It isn't just the actors, though, that make High Noon so solid. The tightly wound story is told, essentially, in real time, and these 85 minutes of film are some of the most tense of the era. Not a second is wasted and nothing is done just for the sake of doing it. The tension is surprising, moreover, since there is almost no action until the end of the film. All the suspense is rendered from Fred Zinnemann's fantastic direction and the Academy Award winning editing, which is basically perfect. As we see the clock ticking ever toward noon, we are struck constantly with how desperate Kane's situation is and the shamefulness of the townspeople for sitting by while a madman comes knocking at their doors.
While the film has always been highly regarded, the story behind High Noon is as interesting as the film itself. While critics lauded the film when it was first released, there were many high-level people in Hollywood and in government who saw it as utterly un-American, including director Howard Hawkes and The Duke himself, John Wayne, who together answered with their own film in Rio Bravo. Part of this comes from what could be perceived as a betrayal of the Western tradition, but a lot comes from the very blatant allegory of Hollywood's apathy and compliance toward McCarthy and the HUAC Communist witchhunt. At the time, it got producer and screenwriter Carl Foreman blacklisted, which is hard to imagine now. For all the wind blowing at the time, history has told a different story. This tale of strength and duty when everyone abandons you has appealed to U.S. presidents for decades, becoming the most popular White House film request by far. The original sentiments are completely turned on their ears, as well, as this story can very easily be interpreted as the same situation that our current president found himself in when the United Nations abandoned him over the war in Iraq. While not a value judgment on the film at all, it is a strong sign of the moral ambiguity and complexity of the film.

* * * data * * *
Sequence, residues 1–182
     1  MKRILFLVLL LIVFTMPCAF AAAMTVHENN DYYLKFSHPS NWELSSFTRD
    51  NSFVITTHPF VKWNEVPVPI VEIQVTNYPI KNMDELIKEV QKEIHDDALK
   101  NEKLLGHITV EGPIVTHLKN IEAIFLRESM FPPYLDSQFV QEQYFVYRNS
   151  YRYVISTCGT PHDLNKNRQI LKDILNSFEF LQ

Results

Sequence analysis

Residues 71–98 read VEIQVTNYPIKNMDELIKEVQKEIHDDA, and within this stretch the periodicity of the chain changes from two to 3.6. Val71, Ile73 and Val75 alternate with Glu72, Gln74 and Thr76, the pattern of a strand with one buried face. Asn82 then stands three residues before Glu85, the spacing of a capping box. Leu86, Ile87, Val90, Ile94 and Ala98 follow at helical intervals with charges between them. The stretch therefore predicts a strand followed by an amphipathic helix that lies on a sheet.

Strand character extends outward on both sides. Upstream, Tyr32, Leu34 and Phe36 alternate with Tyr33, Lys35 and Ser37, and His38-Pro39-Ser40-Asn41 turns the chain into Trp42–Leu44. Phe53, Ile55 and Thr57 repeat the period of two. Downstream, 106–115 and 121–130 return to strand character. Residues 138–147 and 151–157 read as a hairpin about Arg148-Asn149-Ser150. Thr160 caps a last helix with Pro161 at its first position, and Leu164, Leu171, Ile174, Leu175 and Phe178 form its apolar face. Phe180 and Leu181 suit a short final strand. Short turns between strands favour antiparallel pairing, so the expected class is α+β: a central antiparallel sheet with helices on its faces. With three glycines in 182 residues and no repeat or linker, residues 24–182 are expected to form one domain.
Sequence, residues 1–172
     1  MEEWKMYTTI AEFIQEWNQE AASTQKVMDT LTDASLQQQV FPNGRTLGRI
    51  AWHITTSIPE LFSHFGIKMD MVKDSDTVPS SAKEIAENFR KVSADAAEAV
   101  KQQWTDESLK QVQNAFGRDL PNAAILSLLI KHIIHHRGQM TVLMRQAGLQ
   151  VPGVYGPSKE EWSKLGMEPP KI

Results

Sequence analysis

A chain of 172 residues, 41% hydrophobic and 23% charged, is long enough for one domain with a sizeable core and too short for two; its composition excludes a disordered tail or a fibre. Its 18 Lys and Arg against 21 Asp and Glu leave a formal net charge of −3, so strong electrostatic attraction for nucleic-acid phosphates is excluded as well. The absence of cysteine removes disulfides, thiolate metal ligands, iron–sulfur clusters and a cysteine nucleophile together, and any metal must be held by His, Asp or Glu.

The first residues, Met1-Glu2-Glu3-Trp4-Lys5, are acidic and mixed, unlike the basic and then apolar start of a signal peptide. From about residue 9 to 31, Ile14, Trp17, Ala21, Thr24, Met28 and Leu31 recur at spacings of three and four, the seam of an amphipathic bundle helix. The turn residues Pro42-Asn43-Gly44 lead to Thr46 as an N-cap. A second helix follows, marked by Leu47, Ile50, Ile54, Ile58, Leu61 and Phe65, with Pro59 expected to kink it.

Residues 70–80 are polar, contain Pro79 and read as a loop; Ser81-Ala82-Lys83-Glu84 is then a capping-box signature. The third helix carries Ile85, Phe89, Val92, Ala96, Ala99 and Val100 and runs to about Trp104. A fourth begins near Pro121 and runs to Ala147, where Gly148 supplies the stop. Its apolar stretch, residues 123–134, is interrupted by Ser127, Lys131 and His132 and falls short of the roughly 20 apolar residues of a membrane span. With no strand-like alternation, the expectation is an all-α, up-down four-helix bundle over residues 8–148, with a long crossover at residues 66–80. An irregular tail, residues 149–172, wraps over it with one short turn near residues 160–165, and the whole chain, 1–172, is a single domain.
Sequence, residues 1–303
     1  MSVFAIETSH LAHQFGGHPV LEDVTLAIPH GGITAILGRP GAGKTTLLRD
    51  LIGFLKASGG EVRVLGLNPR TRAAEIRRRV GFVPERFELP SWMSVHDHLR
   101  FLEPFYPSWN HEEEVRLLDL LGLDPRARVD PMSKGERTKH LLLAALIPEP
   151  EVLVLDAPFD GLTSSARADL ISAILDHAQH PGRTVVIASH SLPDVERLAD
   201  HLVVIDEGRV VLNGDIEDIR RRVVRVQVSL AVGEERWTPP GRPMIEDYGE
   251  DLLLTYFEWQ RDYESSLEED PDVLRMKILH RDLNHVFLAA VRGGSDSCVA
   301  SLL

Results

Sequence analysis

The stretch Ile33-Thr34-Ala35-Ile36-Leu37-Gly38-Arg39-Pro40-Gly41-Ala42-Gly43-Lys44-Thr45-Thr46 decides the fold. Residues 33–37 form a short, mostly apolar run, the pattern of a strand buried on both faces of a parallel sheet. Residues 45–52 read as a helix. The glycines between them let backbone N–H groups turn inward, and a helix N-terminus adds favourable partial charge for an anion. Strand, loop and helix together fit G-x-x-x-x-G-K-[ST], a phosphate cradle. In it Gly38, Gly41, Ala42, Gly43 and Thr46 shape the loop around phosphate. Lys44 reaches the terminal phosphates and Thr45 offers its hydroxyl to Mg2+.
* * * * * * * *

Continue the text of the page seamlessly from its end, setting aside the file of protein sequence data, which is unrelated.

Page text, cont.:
Lionsgate's release of High Noon is very good in some ways but lazy in others. On this, its third release (and second in six years), the picture finally looks as good as it can. The print is clean and sharp and there are no transfer issues that hurt the last release; it looks great. The sound is equally strong, though in mono there aren't a lot of dynamics. There is also an enhanced sound option, which is a little more dynamic, but overpowering and fairly pointless. The extras are simply a rehash of the original release, however. They are a great group of features, with a commentary from the children of the cast and crew, a number of interesting and informative featurettes, and some really fun Tex Ritter (who sang the famous theme song quoted above) footage; it's just all the same as before. Buy this disc for the beautiful picture, but the extras are nothing new.
I often take issues with films that have been so highly praised for so long and feel like they can't be as good as people claim. High Noon completely lives up to its reputation.
This is one of the best westerns ever made. Not guilty.
Review content copyright © 2008 Daryl Loomis; Site layout and review format copyright © 1998 - 2016 HipClick Designs LLC
Scales of Justice
* Full Frame
* Dolby Digital 1.0 Mono (English)
* Dolby Digital 1.0 Mono (English, Enhanced)
Running Time: 85 Minutes
Release Year: 1952
MPAA Rating: Not Rated
* Audio commentary with Maria-Cooper Janis, Jonathon Foreman, Tim Zinnemann, and John Ritter
* "Inside High Noon"
* "Tex Ritter: A Visit to Carthage, TX"
* "The Making of High Noon
* "Behind High Noon"
* Tex Ritter performance of "Do Not Forsake Me, Oh My Darling" on the Jimmy Dean TV Show
* Radio broadcast with Tex Ritter
* Original DVD Verdict Review
* DVD Verdict Review - Collector's Edition
* DVD Verdict Review - High Noon (2000)